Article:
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About paultran

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    Melbourne, Australia
  1. Make sure your game music is well crafted. I reckon in ranking of importance for drawing a player into an adventure and forging an emotional connection, they are: 1. Music 2. Story 3. Art style 4. Game mechanic But what I really want to talk about is iMUSE - and how feasible is it to get that into DFA. If fellow backers don't know what iMUSE is, it was a brilliant interactive music engine designed and used by Lucasarts in their adventure games back in the 1990s. A good example of its capabilities was in DOTT, when you transitioned from one room to another, or even between characters (Hoagie, Bernard, Laverne), the music theme and accompaniment would smoothly transition. Like if say you were in Nard's time, and switched to Hoagie, the background music doesn't miss a beat while changing to the 'colonial-founding-fathers-times' style. Now I'd love to see this kind of technology being used in DFA. I just hope there's no patents problems....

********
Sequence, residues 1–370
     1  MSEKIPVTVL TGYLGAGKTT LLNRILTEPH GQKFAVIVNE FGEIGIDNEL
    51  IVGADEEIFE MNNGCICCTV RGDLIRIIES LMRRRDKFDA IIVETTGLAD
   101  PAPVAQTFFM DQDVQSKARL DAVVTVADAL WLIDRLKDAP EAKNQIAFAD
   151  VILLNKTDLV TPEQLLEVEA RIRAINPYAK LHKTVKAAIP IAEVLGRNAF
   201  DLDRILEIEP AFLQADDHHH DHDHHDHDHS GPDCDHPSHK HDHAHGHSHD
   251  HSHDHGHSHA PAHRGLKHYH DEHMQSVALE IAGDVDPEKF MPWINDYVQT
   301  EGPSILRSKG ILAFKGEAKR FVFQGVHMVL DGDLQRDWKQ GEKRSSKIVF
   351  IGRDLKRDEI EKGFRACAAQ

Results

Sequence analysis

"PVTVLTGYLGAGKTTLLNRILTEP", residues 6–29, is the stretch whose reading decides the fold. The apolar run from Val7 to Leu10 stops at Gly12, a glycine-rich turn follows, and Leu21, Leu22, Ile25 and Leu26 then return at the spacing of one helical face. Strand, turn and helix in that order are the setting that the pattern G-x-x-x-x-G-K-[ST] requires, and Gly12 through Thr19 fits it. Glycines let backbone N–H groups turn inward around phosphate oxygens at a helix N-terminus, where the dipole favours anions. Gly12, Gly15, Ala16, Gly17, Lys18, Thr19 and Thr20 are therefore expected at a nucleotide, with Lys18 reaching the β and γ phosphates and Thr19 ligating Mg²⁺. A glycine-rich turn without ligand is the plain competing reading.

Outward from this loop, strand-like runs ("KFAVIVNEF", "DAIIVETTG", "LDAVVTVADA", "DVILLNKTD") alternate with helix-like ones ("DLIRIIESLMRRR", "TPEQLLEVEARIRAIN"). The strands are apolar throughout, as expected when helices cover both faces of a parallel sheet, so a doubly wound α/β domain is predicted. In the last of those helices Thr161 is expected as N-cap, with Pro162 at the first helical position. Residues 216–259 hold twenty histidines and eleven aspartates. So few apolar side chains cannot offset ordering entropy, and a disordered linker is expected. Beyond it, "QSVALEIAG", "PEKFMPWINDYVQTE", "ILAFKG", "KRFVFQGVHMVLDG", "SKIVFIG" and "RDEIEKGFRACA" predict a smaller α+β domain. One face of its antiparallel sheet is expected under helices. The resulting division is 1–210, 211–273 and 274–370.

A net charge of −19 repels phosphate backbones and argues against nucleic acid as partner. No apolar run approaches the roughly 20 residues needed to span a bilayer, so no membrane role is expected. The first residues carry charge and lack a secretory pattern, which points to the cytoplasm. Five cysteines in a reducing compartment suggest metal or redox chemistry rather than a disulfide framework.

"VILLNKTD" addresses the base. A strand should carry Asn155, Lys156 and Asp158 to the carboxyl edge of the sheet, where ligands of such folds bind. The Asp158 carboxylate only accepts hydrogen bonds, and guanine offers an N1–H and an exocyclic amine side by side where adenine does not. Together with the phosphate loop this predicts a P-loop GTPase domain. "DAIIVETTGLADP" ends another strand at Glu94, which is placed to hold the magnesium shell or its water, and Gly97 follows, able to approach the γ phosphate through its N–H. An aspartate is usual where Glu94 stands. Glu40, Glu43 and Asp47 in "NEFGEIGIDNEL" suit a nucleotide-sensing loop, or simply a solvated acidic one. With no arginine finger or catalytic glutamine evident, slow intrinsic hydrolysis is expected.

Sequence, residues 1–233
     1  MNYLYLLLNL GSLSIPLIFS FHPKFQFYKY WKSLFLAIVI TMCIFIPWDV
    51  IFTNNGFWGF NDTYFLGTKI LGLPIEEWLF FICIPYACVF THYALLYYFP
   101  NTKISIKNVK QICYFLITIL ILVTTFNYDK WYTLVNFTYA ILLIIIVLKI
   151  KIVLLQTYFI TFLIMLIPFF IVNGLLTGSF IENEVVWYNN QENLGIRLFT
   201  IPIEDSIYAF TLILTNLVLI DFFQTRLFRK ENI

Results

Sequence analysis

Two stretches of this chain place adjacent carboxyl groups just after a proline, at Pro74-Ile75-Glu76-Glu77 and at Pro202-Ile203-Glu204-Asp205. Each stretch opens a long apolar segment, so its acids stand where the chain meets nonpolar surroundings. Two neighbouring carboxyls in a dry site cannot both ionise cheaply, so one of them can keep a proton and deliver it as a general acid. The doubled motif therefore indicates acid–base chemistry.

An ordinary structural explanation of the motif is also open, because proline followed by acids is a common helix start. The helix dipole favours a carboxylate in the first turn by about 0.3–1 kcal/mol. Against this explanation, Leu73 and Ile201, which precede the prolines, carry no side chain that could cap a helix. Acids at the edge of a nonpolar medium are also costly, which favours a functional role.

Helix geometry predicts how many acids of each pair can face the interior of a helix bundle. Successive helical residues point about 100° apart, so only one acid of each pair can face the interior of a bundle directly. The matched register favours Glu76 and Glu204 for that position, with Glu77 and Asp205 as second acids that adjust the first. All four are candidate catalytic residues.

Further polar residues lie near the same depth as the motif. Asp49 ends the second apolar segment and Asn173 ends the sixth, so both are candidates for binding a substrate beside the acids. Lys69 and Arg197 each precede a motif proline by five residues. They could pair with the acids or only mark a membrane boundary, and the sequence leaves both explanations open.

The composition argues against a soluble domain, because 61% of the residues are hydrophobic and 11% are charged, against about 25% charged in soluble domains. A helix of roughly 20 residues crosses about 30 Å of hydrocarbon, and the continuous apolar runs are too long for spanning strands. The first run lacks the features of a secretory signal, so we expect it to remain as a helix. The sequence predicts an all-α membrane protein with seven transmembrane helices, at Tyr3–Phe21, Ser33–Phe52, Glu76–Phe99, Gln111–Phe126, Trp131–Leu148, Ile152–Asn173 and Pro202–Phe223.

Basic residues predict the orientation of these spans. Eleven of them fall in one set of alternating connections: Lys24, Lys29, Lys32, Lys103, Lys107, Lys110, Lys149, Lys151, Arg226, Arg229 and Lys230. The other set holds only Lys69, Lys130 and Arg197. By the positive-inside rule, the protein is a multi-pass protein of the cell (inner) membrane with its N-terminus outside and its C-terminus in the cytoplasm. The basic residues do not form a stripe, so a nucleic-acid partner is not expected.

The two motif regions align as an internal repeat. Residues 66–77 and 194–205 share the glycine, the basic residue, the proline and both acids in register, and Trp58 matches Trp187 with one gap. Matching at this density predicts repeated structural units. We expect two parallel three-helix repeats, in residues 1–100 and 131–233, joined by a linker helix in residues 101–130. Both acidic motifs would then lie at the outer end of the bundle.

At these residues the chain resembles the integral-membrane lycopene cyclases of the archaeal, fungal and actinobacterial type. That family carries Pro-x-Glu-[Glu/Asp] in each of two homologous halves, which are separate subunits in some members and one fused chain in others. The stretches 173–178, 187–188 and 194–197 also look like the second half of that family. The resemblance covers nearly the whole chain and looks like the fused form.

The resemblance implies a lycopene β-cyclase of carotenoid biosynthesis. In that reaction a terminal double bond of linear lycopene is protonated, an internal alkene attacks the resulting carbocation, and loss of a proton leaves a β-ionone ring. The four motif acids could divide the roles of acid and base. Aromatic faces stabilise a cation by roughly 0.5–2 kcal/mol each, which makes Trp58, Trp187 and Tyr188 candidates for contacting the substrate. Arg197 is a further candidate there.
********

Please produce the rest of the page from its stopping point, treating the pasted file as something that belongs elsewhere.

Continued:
2. Patrick Stewart! I love his voice acting on family guy
  3. Probably better to left click = move. If it's both look and move, it could devolve into a very annoying game. I reckon left click = move, right click = interact menu. Two interact verbs are look and interact. The major interface problem to resolve is what Tim raised in Episode#1 - how do you avoid pixel hunting. I just finished playing Machinarium - great game, but so many times I sat there for far too long thinking about the puzzle until I realised there was a tiny button or item sitting in the scene that I didn't notice. Maybe if you had a game mechanic like in Assassins Creed's eagle vision, where objects you can interact with 'light up'.
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